Peru’s Congress has approved the start of impeachment proceedings against left-wing President Pedro Castillo over allegations of corruption.
The opposition-led Congress voted 76-41 on Monday to begin the political trial. “The motion [to debate] was admitted,” said Congress President Maria del Carmen Alva, an opposition legislator.
Castillo or his lawyer must attend Congress on March 28 and present their defence before lawmakers will debate and have a final vote on the impeachment.
Legislators will need 87 votes to remove Castillo from office following the impeachment trial.
The development comes as Castillo has seen his popularity plunge to 26 percent since taking office in July, according to an Ipsos poll released during the weekend. Lawmakers are zeroing in on the testimony of a lobbyist who has alleged to prosecutors that Castillo engaged in irregular acts.
The opposition alleges that Castillo, who denies the accusations, is morally unfit to govern.
“The president must immediately explain to the country his repeated misconduct,” said conservative legislator Jorge Montoya, a retired general.
The opposition also accuses Castillo of “treason” for saying he was open to a referendum on allowing landlocked neighbour Bolivia access to the Pacific Ocean.
The attempt to oust Castillo is promoted mainly by three right-wing parties, including Popular Force, led by former presidential candidate Keiko Fujimori, who lost last year’s elections to Castillo.
A similar previous attempt to start impeachment proceedings in December failed to gather enough votes in Congress.
In a speech at a public event on Monday, Castillo said he would go to Congress on Tuesday to deliver a message about “what we are doing, and to say what we will do, for this nation”.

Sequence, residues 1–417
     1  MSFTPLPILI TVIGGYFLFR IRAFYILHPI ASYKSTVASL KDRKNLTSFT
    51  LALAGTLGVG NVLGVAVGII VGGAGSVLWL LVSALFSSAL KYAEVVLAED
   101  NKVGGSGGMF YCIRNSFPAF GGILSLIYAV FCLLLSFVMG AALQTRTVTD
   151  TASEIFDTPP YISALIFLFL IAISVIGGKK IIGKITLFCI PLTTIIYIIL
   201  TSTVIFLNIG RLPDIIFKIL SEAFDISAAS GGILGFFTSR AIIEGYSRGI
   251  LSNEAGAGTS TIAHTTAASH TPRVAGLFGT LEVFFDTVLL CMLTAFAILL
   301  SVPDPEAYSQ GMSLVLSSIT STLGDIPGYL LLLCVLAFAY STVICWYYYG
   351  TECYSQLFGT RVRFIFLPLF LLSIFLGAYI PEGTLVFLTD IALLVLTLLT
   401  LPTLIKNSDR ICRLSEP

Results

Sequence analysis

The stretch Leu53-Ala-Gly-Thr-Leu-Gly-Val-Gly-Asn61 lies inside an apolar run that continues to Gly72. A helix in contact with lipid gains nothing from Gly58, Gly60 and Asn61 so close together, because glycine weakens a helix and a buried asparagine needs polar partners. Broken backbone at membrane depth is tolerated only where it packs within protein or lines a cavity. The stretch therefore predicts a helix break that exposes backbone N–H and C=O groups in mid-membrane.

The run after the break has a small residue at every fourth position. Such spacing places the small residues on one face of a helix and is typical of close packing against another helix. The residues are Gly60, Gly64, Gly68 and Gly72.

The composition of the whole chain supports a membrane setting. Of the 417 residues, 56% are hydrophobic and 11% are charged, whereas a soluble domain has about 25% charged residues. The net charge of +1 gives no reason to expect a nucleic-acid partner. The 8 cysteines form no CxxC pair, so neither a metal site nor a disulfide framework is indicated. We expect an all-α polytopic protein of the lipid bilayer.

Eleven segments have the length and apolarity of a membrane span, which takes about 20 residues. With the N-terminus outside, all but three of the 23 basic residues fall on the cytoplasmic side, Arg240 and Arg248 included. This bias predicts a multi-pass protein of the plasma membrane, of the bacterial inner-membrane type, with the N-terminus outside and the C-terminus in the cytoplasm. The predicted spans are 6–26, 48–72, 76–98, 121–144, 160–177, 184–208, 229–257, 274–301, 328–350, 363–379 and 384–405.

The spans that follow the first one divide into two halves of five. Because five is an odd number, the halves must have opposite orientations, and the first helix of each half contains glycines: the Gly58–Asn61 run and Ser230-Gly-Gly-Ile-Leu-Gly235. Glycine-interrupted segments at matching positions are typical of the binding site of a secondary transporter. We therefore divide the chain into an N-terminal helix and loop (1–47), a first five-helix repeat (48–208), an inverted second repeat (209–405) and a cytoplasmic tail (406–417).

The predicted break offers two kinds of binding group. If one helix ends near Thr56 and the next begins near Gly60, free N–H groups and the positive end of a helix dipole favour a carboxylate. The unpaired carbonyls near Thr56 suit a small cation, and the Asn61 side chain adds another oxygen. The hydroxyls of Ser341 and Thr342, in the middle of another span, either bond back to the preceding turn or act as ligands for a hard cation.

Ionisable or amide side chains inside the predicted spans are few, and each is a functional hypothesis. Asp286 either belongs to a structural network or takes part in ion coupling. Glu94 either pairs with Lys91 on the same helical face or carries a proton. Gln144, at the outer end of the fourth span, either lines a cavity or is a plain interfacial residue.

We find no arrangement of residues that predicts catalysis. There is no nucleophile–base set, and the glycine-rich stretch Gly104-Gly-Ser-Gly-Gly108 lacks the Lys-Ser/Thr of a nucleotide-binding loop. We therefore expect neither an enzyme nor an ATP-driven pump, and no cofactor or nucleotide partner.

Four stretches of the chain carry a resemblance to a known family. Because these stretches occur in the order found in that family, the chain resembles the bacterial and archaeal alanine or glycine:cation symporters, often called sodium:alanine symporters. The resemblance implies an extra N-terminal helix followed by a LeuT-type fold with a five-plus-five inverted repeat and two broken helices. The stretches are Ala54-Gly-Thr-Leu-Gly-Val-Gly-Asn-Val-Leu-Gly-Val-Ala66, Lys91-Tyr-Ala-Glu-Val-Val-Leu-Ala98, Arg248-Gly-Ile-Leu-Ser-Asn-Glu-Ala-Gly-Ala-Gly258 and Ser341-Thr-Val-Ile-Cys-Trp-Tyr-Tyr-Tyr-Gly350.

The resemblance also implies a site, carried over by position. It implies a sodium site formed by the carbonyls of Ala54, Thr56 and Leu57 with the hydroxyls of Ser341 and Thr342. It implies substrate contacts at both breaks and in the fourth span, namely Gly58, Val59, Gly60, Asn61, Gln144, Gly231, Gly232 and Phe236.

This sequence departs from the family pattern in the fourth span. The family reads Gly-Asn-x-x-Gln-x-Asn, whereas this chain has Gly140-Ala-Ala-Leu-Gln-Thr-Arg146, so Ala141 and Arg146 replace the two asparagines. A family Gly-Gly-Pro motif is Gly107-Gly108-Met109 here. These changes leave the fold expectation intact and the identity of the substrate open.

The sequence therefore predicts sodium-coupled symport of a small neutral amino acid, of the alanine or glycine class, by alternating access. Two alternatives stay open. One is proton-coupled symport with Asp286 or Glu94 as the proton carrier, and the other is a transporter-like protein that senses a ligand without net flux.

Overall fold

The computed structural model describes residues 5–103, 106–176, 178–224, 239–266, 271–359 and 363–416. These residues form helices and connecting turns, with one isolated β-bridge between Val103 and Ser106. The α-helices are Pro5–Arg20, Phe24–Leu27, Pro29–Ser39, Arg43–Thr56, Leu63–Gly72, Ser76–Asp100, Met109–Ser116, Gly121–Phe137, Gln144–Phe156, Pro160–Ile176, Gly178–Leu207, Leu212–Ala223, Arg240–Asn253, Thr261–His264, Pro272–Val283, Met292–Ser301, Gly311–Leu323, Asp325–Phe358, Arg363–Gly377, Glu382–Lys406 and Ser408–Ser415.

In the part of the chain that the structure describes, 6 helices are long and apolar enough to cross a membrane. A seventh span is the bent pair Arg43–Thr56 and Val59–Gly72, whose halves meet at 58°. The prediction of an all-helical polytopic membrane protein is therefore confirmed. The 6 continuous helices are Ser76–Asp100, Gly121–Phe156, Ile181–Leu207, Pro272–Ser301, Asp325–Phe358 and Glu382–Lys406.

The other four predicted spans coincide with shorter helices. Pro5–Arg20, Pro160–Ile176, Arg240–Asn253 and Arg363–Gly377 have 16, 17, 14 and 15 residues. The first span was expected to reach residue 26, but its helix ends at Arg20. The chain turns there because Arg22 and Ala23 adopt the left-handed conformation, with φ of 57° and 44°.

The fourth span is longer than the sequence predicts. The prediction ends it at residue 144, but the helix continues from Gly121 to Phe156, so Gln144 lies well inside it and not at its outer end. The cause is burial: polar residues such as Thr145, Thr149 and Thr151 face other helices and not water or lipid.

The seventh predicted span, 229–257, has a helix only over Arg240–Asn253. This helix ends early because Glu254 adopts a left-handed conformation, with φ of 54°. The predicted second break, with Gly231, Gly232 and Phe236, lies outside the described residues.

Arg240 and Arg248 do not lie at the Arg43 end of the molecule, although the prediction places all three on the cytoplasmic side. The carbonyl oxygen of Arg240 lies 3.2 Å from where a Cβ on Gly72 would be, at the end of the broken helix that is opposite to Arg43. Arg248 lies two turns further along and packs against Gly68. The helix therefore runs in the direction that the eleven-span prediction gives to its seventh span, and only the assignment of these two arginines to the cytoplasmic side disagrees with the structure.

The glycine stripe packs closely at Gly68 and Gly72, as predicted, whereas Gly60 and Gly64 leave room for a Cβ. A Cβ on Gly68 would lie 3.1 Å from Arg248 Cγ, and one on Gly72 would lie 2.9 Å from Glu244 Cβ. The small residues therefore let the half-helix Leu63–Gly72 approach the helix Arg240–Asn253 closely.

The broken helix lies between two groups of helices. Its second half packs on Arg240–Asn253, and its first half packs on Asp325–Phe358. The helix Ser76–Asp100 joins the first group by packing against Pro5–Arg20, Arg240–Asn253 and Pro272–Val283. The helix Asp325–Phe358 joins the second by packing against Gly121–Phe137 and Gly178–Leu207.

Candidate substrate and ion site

Castillo’s supporters say it will be difficult for the opposition to secure the 87 votes needed to remove him from office, with Waldemar Cerron from Castillo’s Free Peru Party saying that Congress was “wasting time” with these debates.
“The treason accusation makes no sense. They are trying to find any way possible to topple the Castillo government,” said political scientist Fernando Tuesta. “They don’t have enough votes to force him out, there aren’t even any street protests demanding that he quit.”
Castillo came to power with the leftist Peru Libre Party after winning the election by a slim margin and has said that those promoting the impeachment are defending the economic interests of Peru’s rich and would be engaging in a coup.
The rural teacher, who won the presidency with the backing of the poor, has lost support rapidly amid scandals and social protests.
He has changed cabinet members faster than any administration in recent history and recently appointed his fourth new cabinet. His previous one lasted just a few days before his then-prime minister resigned over domestic violence allegations.
Peru’s economy grew by 13 percent in 2021 and the local currency has recovered ground after falling to its worst level in October.
Castillo has become more pragmatic, with a market-friendly economy minister, albeit with some conservative ministers on social policy issues.
Peru, the world’s second-largest copper producer, has had five presidents since 2016, including Castillo. In 2018, Pedro Pablo Kuczynski resigned before an impeachment vote he was sure to lose, while Martin Vizcarra was impeached in 2020 in a vote in Parliament.